Why live classical music sounds better than recordings

There have been a number of musings On An Overgrown Path as to why recordings cannot quite capture the essence of live classical music. So I was delighted to find the following explanation of the shortcomings of sound reproduction in Harmonies of Heaven and Earth by Joscelyn Godwin. The author describes Ernst Hagemann's theory as being on the borderline between occultism and farce. But that is a facile way to dismiss it. In today's recording studios a plethora of digital tools means that only the beautiful forms enter the microphone. As a consequence the ugly spirits are absent, and so the full artistic experience is lacking. Why is why live classical music sounds better than recordings. And before dismissing this post as an amusing mix of farce and occultism, remember that a number of prominent musicians were profoundly influenced by Rudolf Steiner, including Bruno Walter and Jonathan Harvey.
The inevitable question, which could not have arisen before Edison's phonograph (1877) is, What happens when the tones are reproduced mechanically via a record or tape? Rudolf Steiner, speaking in 1923 shortly before his death, had condemned the gramophone as a source of music. Of course the gramophone of that time could only produce a travesty of live music, but according to his follower Ernst Hagemann the rejection was more than aesthetic. In an extraordinary passage on the borderline between occultism and farce, Hagemann solemnly described his own research with clairvoyantly gifted people in order to find out what happens to the elementals' function when music is mechanically reproduced. Not every detail was satisfactorily explained, but the consensus of several clairvoyants working independently was as follows.

On applying their second sight to the surface of gramophone records, they found them thronged with elemental forms - all dead. Looking through a magnifying glass, they could see even more of them! These, they said, are the lifeless replicas of the elementals who were constellated in the air, entered the microphone, and were 'shadowed' upon the record matrix during the original live performance. In order to carry over these dead copies into the physical world via the reproducing device, one needs the cooperation of other living elementals - tiny Gnomes, to be precise - whom the clairvoyants were able to perceive in the diamond or sapphire stylus. (One recalls that gemstones are traditionally associated with these earthly spirits). Through the Gnomes' agency, the very same kinds of elementals - presumably Sylphs and Undines - could be seen emerging from the loudspeakers as had been originally captured in the recording process.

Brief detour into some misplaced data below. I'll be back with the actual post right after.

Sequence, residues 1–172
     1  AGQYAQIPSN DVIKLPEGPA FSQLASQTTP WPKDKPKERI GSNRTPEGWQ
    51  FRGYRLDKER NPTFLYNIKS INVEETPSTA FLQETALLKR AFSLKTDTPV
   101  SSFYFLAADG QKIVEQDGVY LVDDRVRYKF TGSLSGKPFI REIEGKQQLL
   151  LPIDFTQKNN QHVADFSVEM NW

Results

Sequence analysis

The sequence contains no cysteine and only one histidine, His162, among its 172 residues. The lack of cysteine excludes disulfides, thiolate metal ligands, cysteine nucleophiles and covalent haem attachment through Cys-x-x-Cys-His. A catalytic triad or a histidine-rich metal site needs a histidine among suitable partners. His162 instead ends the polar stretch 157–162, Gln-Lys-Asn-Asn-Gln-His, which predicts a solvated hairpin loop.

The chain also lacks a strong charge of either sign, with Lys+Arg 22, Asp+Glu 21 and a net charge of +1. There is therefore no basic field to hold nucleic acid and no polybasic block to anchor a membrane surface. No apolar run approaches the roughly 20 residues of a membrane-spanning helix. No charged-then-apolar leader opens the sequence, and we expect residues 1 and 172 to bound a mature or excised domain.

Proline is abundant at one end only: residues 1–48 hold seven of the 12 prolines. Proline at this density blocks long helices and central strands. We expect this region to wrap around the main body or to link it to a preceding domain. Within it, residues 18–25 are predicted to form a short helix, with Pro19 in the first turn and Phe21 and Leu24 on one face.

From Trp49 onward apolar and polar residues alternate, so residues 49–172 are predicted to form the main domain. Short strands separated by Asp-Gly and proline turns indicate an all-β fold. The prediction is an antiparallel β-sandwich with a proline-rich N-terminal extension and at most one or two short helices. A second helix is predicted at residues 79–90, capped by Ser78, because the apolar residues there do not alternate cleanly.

So far the inadequacy of recordings was not proven. But the clairvoyants had more to say. At live concerts they did not just enjoy the visions of beauty which the music throws off into the air above the stage, visions which several artists have tried to capture. They also saw the concert hall beset by Spirits of Undine, vile, spider-like beings who swarm around whenever beauty is manifest, and crawl into our ears and noses while we are entranced by it. Everything must have its opposite, in order to create beauty. Man has to have the stimulus of the ugly. The greatest artistic natures, Hagemann says, are those who have felt this conflict the most keenly - even to a physical degree. During recording, however, it is only the beautiful forms who enter the microphone and whose fair corpses little the grooves of our records. The ugly spirits (who actually are no more evil than the manure with which we nourish our roses) are absent, and so the full artistic experience is lacking.
Header image shows one of the Goetheanum Cupola Motifs of Rudolf Steiner. Any copyrighted material is included as "fair use" for the purpose of critical analysis only, and will be removed at the request of copyright owner(s).Also on Facebook and Twitter.


Acuvox said…
I agree with the dialectical metaphor. This is also an argument against even tempering. Historical temperaments which were highly evolved during the Age of Enlightenment favored notes and keys, producing wider contrasts of sweet and sour. The first time I heard a Baroque Orchestra this was a revelation, opening a whole new dimension to the sonic palette. The homogenization of equal scale divisions diminished musical expression.

Recent popular posts

Folk music dances to a dangerous tune

A tale of two new audiences

Does it have integrity and relevance?

The Berlin Philharmonic's darkest hour

Master musician who experienced the pain of genius


Is classical music obsessed by existential angst?

Nada Brahma - Sound is God

Music and malice in Britten's shadow

Jerry Springer rebel grabs Gramophone accolade